Mrs. Astor Regrets: The Hidden Betrayals of a Family Beyond Reproach
By Meryl Gordon
Houghton Mifflin, 400 pages, $28
Picking up where Frances Kiernan’s biography of Brooke Astor, The Last Mrs. Astor, left off, Meryl Gordon’s Mrs. Astor Regrets tells the riveting—and depressing—story of the last days of New York City’s most beloved philanthropist. It’s a saga that can be summed up in tabloid headlines like “Astor Disaster,” “DA’s Kick in the Astor” and “Astor Will a $ham.” As Brooke Astor was living out the last years of her long life, suffering from Alzheimer’s disease, those closest to her began to worry over her care and welfare, questioning the decisions and motives of her son Anthony Marshall, who oversaw her estate. Mr. Marshall’s son Philip ultimately built a case against his father, who was indicted on criminal charges related to his mother’s financial affairs. Ms. Gordon’s book doesn’t drop any bombs, but it will surely stand as the most comprehensive account of one of the most bizarre family sagas in the recent history of New York.
Promised Land: Thirteen Books that Changed America
By Jay Parini
Doubleday, 320 pages, $24.95
Inspired by Melvyn Bragg’s Twelve Books That Changed the World (all 12 of which were written by British authors), Jay Parini had the good idea of doing something similar for America: In Promised Land, he guides us methodically from the 17th century (William Bradford’s Of Plymouth Plantation) to the 20th (Betty Friedan’s Feminine Mystique), weighing the cultural impact of 13 seminal books with scholarly deliberation .
Of course, important, transformative books aren’t always books you want to read. Unless you’re expecting, no need to acquire a copy of Dr. Spock’s The Common Sense Book of Baby and Child Care; and at least one of Mr. Parini’s baker’s dozen (Mary Antin’s memoir, The Promised Land) has the musty odor of a book bound for deep obscurity. But some are newly relevant: Dale Carnegie’s How to Win Friends and Influence People, which emerged from the crucible of the Depression, could be just the ticket now that history seems so keen to repeat itself; and the age of Obama cries out for a fresh look at W. E. B. Du Bois’ The Souls of Black Folk.
“Have You Seen …?”: A Personal Introduction to 1,000 Films
By David Thomson
Alfred A. Knopf, 1,024 pages, $39.95
David Thomson published The Biographical Dictionary of Film in 1975, and it’s been a mainstay ever since for any self-respecting cinephile. His new tome, Have You Seen…?: A Personal Introduction to 1,000 Films, is a similarly encyclopedic look at films Mr. Thomson loves, finds interesting or absolutely hates (look out, Sound of Music!). Alphabetically arranged from Abbott and Costello Meet Frankenstein to Zabriskie Point, it covers a chronological span from L’Arrosseur Arrosé—that’s 1895—to last year’s Oscar winner, No Country for Old Men.
Mr. Thomson is never shy about his opinions, and while you might disagree with some of his assertions (we’d like to have a long talk with him about Peter O’Toole’s performance in Lawrence of Arabia), his affection and enthusiasm for movies is infectious. Though the book is far too giant (an entry per page) for subway or beach reading, it will rightfully earn a permanent spot up on the shelf next to The New Biographical Dictionary of Film, to be thumbed through as reference or a reminder of titles to add to the Netflix queue.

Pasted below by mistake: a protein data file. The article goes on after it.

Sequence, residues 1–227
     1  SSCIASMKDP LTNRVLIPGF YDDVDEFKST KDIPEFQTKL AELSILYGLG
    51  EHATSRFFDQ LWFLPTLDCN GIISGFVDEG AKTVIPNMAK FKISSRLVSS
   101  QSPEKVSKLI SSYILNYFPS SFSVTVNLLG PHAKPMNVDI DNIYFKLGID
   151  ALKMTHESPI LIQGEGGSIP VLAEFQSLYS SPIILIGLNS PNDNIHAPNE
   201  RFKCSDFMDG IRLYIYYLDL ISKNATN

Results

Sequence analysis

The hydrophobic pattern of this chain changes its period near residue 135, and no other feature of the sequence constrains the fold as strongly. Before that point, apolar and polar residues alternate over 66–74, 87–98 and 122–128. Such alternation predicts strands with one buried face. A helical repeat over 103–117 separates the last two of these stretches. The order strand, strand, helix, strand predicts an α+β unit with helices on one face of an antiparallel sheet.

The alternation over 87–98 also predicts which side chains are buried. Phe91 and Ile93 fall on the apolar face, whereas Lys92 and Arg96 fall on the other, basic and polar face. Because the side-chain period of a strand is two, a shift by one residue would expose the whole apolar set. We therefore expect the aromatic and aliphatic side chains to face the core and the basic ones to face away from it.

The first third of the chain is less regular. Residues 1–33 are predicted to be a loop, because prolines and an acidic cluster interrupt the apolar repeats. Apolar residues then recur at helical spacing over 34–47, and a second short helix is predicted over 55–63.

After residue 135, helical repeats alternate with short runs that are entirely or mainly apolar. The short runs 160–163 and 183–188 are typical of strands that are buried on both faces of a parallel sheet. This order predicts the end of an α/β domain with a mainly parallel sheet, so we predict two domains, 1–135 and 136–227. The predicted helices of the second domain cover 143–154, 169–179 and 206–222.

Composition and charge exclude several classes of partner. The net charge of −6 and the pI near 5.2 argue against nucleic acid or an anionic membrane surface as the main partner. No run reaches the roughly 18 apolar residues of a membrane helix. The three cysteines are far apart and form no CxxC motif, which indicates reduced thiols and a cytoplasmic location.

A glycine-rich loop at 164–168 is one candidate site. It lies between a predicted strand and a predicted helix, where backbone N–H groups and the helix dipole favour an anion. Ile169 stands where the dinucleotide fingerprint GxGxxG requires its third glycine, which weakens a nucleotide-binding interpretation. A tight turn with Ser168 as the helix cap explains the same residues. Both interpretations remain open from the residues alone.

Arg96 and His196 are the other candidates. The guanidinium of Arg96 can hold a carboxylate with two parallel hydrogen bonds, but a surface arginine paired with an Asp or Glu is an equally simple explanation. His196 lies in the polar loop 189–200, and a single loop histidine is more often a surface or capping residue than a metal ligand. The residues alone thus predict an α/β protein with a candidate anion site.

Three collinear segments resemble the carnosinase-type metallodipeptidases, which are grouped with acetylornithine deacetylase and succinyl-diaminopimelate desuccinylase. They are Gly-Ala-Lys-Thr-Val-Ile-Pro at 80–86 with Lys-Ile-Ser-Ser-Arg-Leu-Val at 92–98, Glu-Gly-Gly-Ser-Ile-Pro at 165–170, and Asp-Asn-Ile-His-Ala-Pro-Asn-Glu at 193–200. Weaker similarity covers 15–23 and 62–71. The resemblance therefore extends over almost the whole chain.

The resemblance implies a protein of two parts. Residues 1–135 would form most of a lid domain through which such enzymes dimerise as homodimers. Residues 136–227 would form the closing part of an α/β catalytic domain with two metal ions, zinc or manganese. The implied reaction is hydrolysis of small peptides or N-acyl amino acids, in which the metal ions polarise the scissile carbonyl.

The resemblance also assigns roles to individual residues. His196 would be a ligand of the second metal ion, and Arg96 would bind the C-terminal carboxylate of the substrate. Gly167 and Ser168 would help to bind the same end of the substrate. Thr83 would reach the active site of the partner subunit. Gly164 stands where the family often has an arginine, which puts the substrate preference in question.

The Lost Art of Walking: The History, Science, Philosophy, and Literature of Pedestrianism
By Geoff Nicholson
Riverhead, 288 pages, $24.95
Ideally one would resist, when reviewing a book about walking, the urge to use adjectives such as peripatetic or perambulatory or, heaven forbid, pedestrian. And yet it’s difficult to summon more appropriate words for The Lost Art of Walking, a loose collection of thoughts and stories about moving through the world on two feet.
Mr. Nicholson is clearly an avid walker, importing from his native Britain an irresistible urge to roam. Along the way he touches on walking in film (see, e.g., Charlie Chaplin, John Travolta) and lingers on the world of competitive walking, whose denizens can cover dozens of miles a day. Mr. Nicholson also spends long chapters in both Los Angeles and New York; in the latter, walking is a “thrillingly dangerous activity”—more than 20 percent of all automobile-pedestrian encounters happen here.
In the end, the rambling, unfocused and somewhat itinerant philosophizing adds up to less than a book’s worth of material, something Mr. Nicholson seems to grasp: “You can dress it up any way you like,” he writes, “but walking remains resolutely simple, basic, analog.” A good reminder, that.
Panic: The Story of Modern Financial Insanity
Edited by Michael Lewis
W. W. Norton & Co., 352 pages, $27.95
For Panic: The Story of Modern Financial Insanity, Vanity Fair’s recently hired business writer Michael Lewis collects a dizzying array of articles, more than 50 pieces of journalism to review Wall Streets upheavals, from the crash of ’87 and pin-pricking of the Internet bubble to the current subprime mortgage disaster. Mr. Lewis, who made his name nearly 20 years ago with Liar’s Poker, a book based on his insider’s view as a former investment banker at Salomon Brothers, wrote seven of the articles in Panic himself, and there are also are entertaining selections from Dave Barry and Lester C. Thurow, picking through Wall Street’s wreckage. But readers looking to allay their financial anxiety won’t find much relief here. Most of the articles illustrate a familiar point: We keep making the same mistakes, over and over again. Mr. Lewis writes: “Financial panics have become almost commonplace: events that are meant to occur every few years. Could this be because the financial system was built on an idea that badly underestimates the risk of catastrophes—and so conspires with human nature to create them?” Seems like it!
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